Wednesday, November 18, 2009

In the Cell of Saint Somebody

Well, that was a short visit. Do you get a refund for not staying at that god awful place? And how long will you be in Venice? Can you write the book there? I'm so confused.
After reading your email I wanted to rent a helicopter and fly you out of there. It's like
you're in Somolia. Our heat wave has finally subsided which is a good thing. We had two weeks of almost 100 degrees daily. Miss you and hope everything works out...let me know when you are safely in Venice...

xxx J.

--- On Sun, 9/6/09, Gwen Davis wrote:

Date: Sunday, September 6, 2009, 7:01 AM
This place, where I sleep at least, brick floors, one tiny carpet too small to accommodate my yoga, not that I am that stretched out anymore, reminds me of a hotel I visited in my WSJ travels, overlooking somewhere I hoped I could find Thornton Wilder’s ghost. You know the place, where he was towards the end of his life--I just can’t remember the name, as I never knew where I was going while travel-writing, having no sense of direction and lacking the map-reading gene. Fortunately there were always people to Guide me(I have always relied on the kindness of strangers, and I spoke French=some.) It was West of Arles, that I remember, because I could understand why van Gogh cut off his ear, having spent too many days in that city, which seemed to me to lack a soul. This hotel was up a mountain looking down on whatever town it was, a few mountains in the distance, a garden below my window with a very happy, noisy young Italian family down there having a meal, calling to me to join them.
My room there was called the cell of St. Whoever, the place being a former monastery, all of the rooms and very small suites named after someone who had given their lives to the church, often literally. My particular cell—don’t suffer too much for me, it had become a Relais-Chateaux and there were live lobsters in a tank beside the dining room and you got to choose your victim, Michelin-prepared—was named after a saint who had pronounced the queen a slut or something worse, so she condemned him to death and while he was being Cheneyed, as I now like to think of it, he forgave her, so they made him a Saint, but not in time to stop the torture. I loved that cell. I was deep into a fantasy romance with a pallid youth who lived far away and was scared of me, so it was the right ambiance for yearning, much as I tried to keep it spiritual. The Italian family had a gorgeous brother who at their behest helicoptered down to meet me, I think, though I can no longer distinguish between the facts of my life and the fiction I was writing at the time, but yes, I think he actually arrived there. We had a delicious flirtation, or maybe it was the dinner, but he was a terrible kisser and I was still, though aging, in my late adolescence, so not really interested. But I loved that hotel the name of which is inscribed in an unpublished manuscript—it was really lightweight, as were my feelings at the time—so when I get home(if) I will let you know where/what it is, and what that place was the lights of which twinkled down below.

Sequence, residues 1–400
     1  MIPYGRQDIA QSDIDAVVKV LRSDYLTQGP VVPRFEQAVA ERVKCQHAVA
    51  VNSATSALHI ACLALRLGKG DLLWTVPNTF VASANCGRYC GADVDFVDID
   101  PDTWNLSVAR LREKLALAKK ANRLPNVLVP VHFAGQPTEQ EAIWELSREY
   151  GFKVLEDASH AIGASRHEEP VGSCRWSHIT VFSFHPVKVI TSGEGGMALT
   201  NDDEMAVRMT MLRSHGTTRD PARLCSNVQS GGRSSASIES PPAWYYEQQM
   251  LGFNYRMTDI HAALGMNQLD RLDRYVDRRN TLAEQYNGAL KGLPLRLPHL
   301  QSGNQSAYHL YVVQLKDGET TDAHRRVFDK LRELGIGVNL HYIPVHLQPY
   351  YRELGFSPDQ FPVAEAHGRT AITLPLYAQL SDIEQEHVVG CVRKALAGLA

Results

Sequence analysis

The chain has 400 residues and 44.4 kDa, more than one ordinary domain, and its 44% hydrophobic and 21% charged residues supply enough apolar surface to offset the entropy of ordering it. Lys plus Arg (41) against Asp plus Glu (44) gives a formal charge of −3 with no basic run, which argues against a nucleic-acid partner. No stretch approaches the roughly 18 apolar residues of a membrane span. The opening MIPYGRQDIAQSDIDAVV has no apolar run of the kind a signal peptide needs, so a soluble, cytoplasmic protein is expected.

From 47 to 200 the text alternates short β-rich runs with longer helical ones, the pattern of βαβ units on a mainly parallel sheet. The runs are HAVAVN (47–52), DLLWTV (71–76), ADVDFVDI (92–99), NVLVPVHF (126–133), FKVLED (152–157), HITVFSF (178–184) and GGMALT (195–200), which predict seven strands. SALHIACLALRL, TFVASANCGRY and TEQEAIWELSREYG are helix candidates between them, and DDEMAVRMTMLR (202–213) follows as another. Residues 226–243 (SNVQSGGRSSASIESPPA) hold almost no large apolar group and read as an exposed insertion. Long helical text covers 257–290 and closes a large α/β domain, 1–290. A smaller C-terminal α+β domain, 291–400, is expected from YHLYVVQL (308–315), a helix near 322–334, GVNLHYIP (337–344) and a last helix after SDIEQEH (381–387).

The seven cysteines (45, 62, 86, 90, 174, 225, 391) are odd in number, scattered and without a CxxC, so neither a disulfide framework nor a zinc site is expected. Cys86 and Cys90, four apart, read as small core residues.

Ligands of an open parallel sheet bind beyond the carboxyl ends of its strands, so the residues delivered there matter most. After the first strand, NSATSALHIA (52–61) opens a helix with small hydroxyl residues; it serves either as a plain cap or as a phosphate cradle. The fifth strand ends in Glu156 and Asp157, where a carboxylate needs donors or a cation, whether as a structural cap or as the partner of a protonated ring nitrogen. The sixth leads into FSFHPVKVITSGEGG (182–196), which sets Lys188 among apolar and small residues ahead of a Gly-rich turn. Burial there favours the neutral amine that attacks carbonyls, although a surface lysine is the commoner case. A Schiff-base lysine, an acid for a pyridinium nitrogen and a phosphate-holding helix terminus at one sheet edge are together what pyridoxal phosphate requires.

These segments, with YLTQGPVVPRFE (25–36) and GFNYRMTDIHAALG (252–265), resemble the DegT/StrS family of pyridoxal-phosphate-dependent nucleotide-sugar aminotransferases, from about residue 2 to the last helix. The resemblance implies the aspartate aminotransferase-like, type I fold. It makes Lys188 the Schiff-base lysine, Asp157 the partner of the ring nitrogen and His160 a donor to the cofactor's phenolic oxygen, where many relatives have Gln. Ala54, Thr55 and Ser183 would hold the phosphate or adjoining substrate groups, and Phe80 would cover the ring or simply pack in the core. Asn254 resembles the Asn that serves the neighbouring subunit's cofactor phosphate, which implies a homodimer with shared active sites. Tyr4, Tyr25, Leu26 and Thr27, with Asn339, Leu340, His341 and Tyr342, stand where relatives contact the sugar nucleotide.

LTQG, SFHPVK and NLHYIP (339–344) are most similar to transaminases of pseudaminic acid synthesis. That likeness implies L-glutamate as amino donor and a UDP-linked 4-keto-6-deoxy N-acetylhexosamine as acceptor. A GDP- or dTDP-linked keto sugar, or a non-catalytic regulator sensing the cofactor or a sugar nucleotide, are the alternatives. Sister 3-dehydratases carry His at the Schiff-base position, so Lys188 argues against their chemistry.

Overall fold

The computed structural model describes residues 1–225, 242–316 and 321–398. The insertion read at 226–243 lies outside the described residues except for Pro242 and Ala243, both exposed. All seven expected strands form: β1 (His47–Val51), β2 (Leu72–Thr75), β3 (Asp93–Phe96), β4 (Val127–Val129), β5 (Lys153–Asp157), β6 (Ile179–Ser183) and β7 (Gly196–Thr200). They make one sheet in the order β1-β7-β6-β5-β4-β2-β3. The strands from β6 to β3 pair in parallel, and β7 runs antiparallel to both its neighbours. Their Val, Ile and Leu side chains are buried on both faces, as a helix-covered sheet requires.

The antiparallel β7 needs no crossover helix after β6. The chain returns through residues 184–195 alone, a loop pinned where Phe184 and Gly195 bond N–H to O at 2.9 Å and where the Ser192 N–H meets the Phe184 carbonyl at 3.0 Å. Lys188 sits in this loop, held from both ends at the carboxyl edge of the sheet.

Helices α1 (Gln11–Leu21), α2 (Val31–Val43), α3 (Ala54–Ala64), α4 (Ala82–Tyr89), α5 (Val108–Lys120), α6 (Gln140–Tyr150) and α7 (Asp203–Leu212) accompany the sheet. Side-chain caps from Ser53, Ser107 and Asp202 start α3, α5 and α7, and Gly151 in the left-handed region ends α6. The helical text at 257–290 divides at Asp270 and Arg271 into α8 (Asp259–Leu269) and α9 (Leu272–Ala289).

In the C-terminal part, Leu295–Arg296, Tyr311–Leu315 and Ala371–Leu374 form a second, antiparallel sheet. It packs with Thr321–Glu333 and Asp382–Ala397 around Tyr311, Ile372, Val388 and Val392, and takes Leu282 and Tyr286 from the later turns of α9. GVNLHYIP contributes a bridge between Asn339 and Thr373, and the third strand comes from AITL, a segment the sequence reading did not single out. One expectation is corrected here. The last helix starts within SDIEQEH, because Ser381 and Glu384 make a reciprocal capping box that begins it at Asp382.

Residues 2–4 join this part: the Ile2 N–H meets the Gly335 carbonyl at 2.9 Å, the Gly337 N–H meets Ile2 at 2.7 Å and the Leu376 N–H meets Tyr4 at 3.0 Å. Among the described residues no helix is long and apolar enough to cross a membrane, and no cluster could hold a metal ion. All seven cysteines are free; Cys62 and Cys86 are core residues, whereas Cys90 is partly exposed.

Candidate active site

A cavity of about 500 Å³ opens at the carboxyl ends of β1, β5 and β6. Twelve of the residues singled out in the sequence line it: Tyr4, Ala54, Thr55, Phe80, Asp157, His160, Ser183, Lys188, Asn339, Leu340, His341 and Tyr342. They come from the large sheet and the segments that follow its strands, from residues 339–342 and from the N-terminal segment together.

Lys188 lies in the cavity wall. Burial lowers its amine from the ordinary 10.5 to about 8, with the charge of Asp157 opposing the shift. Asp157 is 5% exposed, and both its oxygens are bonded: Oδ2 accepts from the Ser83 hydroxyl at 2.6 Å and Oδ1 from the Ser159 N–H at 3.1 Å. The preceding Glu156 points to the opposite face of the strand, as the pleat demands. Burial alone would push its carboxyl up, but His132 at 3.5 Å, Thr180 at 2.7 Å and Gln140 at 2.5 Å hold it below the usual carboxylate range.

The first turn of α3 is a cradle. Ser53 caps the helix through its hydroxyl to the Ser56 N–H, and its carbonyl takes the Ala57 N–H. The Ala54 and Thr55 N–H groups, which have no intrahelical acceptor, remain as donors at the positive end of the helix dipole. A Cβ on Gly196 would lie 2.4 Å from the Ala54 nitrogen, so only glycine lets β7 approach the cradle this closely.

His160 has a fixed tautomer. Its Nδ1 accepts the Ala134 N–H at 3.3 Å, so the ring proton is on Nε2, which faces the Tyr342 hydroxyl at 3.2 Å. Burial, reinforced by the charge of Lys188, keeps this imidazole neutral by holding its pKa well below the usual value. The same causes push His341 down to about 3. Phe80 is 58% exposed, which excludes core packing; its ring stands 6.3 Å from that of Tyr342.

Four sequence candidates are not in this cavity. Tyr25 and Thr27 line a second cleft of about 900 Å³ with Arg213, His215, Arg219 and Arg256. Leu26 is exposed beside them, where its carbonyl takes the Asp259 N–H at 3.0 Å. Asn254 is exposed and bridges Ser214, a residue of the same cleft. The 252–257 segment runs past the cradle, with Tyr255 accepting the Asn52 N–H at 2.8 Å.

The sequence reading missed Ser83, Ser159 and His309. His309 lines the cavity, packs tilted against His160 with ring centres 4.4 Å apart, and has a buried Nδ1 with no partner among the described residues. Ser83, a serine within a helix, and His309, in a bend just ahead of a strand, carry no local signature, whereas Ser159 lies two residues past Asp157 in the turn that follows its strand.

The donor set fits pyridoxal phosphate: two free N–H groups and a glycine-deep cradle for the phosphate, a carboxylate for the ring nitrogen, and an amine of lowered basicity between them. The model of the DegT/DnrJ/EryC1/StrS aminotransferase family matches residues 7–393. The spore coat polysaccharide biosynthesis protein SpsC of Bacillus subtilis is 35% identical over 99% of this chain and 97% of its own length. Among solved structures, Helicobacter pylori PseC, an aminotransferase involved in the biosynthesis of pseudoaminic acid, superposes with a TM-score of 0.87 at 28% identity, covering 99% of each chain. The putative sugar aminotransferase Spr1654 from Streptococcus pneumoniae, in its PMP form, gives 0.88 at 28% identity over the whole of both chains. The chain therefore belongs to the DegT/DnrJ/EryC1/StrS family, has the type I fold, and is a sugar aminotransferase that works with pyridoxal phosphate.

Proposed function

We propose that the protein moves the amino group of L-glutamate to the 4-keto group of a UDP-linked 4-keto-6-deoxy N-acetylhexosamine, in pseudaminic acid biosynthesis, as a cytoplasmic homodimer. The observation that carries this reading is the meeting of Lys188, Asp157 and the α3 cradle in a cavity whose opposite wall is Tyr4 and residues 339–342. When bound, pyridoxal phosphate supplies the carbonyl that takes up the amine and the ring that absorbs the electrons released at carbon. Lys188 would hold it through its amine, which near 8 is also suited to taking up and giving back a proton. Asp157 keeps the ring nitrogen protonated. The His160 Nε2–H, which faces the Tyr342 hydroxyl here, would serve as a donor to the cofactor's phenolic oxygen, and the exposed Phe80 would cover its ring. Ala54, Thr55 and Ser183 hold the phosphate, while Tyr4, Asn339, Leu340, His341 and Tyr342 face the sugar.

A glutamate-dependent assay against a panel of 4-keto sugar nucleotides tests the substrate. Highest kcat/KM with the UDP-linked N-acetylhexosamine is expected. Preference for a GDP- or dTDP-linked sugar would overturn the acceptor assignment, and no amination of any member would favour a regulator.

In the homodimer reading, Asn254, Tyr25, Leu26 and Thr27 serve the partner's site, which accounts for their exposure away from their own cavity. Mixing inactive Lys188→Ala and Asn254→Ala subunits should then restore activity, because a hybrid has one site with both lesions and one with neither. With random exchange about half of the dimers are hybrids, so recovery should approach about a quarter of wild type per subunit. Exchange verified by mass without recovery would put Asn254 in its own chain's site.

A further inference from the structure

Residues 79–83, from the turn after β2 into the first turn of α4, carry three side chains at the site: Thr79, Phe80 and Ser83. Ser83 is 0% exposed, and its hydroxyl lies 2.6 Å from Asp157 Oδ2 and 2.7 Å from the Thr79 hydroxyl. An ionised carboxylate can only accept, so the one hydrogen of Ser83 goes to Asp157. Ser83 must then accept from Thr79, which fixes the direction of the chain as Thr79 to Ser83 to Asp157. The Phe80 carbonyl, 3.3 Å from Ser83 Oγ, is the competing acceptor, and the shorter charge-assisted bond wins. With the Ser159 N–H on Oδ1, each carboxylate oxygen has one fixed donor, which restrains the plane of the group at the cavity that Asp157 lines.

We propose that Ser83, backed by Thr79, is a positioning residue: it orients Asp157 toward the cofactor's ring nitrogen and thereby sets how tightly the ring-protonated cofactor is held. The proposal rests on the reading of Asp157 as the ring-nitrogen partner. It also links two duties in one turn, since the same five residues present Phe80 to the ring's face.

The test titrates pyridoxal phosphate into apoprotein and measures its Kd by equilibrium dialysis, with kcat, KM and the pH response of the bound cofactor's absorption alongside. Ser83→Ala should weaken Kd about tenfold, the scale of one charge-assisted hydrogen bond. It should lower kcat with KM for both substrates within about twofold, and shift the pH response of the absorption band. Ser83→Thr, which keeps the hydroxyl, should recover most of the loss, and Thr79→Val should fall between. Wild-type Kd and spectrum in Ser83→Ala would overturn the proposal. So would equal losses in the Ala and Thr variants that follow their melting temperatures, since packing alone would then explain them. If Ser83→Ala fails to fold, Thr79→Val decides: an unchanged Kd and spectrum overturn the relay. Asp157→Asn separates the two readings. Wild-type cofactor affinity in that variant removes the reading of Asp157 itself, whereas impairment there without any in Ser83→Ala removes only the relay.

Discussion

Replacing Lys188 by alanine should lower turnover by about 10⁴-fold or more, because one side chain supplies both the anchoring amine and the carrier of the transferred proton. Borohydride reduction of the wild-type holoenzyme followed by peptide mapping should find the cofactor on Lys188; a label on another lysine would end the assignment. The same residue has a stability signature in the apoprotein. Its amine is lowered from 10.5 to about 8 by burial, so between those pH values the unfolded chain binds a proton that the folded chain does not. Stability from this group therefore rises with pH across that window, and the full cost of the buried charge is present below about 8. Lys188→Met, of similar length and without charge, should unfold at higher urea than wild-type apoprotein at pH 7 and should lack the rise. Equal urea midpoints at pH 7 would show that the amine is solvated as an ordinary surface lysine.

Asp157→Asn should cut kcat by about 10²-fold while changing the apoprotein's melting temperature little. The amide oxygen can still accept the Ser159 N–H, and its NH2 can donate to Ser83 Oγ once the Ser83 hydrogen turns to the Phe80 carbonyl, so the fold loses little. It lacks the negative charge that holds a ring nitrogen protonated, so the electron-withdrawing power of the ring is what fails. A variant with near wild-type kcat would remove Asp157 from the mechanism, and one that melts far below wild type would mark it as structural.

Today is the Festival of the Patron Saint of Capranica, whatever his name is, even the natives aren’t sure, so I went with Cristina, daughter of the proprietor who is mad at me for not loving it here, into the village, such as it is, to observe the celebration. There were cannon shots, and deafening firecrackers and ponderous brass music not unlike the parade in the Godfather, villagers dressed in short bright orange robes with gold braid carrying the huge gold and brass effigy of their Saint, radiating out from a painted wooden sun, looking almost more Buddhist/Hindu/Whatever than Catholic, it was so elaborate, the saint like Ganesha though missing the elephant nose. Anyway I will try and find out what he did before leaving here, which I do early tomorrow, having been rescued by my beloved friends the Rusconis, Pietro, their son, renting me his apartment in Venice, with a garden yet. There are just two obstacles between me and what sounds paradisiacal, and that is the Autostrada between here and Fiumicino Airport which I don’t know how to find( I have for some reason lost the gracious accompaniment of my host) and then getting to the train station in Rome. Oh, and getting a reservation. Trenitalia is closed on weekends, and online they said my credit card was unacceptable(they don’t take American Expresss, see the ads) and my MasterCard they will let me know within 48 hours if they can accept. Dispiriting as this is, I don’t want you to think I was able to overcome my fear and trembling in front of the computer. Cristina’s boyfriend is an electrical engineer at IBM and kindly did all the www. But even he was unable to get any satisfaction.
So pray for me, those of you who pray, that I will find the airport, not crash on the Autostrada(I did that once in Poggibonsi and broke my wrist in many pieces which offered me a nice exchange with John Updike some months later, at the New Yorker office, as being a golfer he had actually heard of Poggibonsi; as he shook my hand he noticed it was in a sling, and apologizing, asked if he had hurt me, and I told him “Not as much as the accident.) Those of you who don’t pray, visualize me arriving safely in Venice, happily puttering around my garden, being inspired at my computer. In the meantime I send monastic kisses to all of you and promise to let you know what the Saint of Capranica did, besides get the hell out of Capranica.